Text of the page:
KANGERLUUSUAQ, Greenland, October 30, 2009 (ENS) – A polar bear conservation and management agreement between Greenland, Canada and Nunavut was signed today at Kangerlussuaq, Greenland. The pact caps months of work by all three parties to protect bears in hunting areas shared by the Canadian territory of Nunavut and Greenland, including Baffin Bay and Kane Basin.

Canada is inhabited by 15,500 of the estimated 25,000 polar bears in global polar regions. Of the 13 polar bear subpopulations in Canada, those in the Kane Basin and Baffin Bay are shared exclusively between Nunavut and Greenland.

Canada’s Environment Minister Jim Prentice; Nunavut’s Minister of the Environment Daniel Shewchuk; and Greenland’s Minister of Fisheries, Hunting and Agriculture Ane Hansen put their names to the Memorandum of Understanding aimed at ensuring the protection of these shared polar bear populations.

The MOU proposes the creation of a Canada-Greenland joint commission that would recommend a combined total allowable harvest, and a fair division of the shared harvest.

The joint commission also would be used to coordinate science, traditional knowledge, management and outreach activities.

Environment Minister Prentice said, “The Government of Canada is committed to working collaboratively to protect one of Canada’s true natural, and national, symbols.”

Prentice called the polar bear “an iconic animal, whose rare and rugged beauty stands as a stark reminder that Canada is one of the world’s true Nordic nations.”

Earlier this year, Prentice hosted a National Roundtable on polar bears with the territories, the provinces, wildlife management boards and others who have a polar bear management and conservation role. At the meeting, the need to form an agreement on managing shared polar bear subpopulations was identified as a high priority.

“The Memorandum of Understanding will help ensure conservation and sustainable management of Kane Basin and Baffin Bay polar bear populations into the future,” Prentice said today.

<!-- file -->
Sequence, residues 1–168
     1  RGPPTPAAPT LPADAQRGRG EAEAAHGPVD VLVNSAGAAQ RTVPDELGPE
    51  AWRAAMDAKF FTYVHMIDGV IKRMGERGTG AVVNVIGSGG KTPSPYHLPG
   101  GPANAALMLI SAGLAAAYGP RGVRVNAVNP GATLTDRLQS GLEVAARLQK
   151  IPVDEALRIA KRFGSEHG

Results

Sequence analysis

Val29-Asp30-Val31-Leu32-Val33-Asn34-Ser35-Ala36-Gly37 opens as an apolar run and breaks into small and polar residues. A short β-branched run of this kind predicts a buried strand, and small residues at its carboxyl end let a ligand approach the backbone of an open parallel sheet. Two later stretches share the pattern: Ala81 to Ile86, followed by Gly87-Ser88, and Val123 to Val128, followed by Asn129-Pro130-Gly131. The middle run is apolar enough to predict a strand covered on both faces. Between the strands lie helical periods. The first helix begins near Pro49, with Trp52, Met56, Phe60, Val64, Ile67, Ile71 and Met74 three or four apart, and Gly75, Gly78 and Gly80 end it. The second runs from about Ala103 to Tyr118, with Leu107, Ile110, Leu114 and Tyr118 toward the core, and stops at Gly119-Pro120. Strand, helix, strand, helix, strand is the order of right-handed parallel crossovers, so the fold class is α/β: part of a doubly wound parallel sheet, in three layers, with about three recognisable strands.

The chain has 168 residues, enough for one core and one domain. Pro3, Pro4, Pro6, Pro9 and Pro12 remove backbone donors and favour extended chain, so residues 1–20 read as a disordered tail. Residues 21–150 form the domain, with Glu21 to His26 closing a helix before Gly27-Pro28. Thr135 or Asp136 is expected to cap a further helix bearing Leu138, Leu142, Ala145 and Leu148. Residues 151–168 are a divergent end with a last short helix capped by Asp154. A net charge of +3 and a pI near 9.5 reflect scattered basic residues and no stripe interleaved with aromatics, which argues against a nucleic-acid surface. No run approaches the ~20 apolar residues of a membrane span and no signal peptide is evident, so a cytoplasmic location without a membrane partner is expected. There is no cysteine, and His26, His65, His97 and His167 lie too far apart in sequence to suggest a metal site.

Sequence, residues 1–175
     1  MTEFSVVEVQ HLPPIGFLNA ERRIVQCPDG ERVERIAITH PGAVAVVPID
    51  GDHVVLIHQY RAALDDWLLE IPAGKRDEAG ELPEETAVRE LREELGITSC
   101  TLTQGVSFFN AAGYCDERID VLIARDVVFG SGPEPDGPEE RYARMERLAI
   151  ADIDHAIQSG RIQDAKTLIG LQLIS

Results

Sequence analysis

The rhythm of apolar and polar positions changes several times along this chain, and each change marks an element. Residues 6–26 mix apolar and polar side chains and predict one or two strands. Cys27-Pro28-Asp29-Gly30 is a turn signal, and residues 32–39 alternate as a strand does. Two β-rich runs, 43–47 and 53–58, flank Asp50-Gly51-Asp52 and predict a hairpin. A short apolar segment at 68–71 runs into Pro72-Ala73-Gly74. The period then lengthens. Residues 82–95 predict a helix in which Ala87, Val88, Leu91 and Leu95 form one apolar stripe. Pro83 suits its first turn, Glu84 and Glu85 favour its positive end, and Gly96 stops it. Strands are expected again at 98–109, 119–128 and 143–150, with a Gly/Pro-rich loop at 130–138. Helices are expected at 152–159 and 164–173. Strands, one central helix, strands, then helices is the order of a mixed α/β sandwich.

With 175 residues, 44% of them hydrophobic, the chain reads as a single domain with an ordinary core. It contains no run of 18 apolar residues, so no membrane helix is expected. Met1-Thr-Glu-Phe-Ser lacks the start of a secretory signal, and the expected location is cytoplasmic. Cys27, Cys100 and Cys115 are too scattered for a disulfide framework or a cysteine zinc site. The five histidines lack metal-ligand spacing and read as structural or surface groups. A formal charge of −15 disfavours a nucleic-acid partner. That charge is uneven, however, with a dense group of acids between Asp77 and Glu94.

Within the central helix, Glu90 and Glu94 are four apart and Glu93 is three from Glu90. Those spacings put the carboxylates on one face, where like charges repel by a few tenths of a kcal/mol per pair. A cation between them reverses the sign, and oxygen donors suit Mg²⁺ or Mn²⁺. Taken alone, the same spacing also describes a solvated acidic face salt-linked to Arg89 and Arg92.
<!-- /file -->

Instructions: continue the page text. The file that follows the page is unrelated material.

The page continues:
“Conservation and sustainable management of polar bears is very important for Greenland, for cultural, social and economic reasons,” said Hansen. “That is why I am so proud to be part of the signing of the first MOU on polar bears between Greenland, Canada and Nunavut.”

“We find it important that co-management agreements are developed between nations sharing polar bear population to ensure that combined harvests does not exceed sustainable levels,” Hansen said. “It is also important that traditional knowledge is used together with science in this process.”

“With this MOU we open the door for further collaboration on key priorities for polar bear management,” said Environment Minister Shewchuk of Nunavut, a largely aboriginal territory.

“Coordinating our efforts with respect to research methodologies and the exchange of multiple sources of knowledge will help us make the wisest possible management decisions for our polar bear populations,” Shewchuck said. “We look forward to exploring the many ways this joint commission can work toward our shared vision for polar bear conservation.”

Greenland has cut its polar bear hunting quota in Baffin Bay to 68 bears a year, and Nunavut officials are under pressure to adopt a similar quota.

Presently, Nunavut hunters can take up to 105 polar bears in Baffin Bay, but the territorial government wants to reduce the quota to 64 or impose a moratorium on polar bear hunting in the area.

Yet, Inuit hunters have said the Baffin Bay polar bear population is increasing and there is no need to cut the quota.

At a Nunavut Wildlife Management Board public meeting in the Nunavut capital of Iqualuit in September, hunters threatened to completely ignore quotas if they see any cut to their quota of 105, which split among three communities.

Today’s MOU is intended to facilitate joint decisions on the number of animals that can be taken.

Canadian polar bear populations are managed by the provinces, territories and wildlife management boards where the populations live.

In 2008, polar bears were re-assessed as a single Canadian population by the Committee on the Status of Endangered Species in Canada, which identified them as a species of Special Concern.

Consultations are now underway concerning listing the polar bear as a species of Special Concern under the federal Species At Risk Act.

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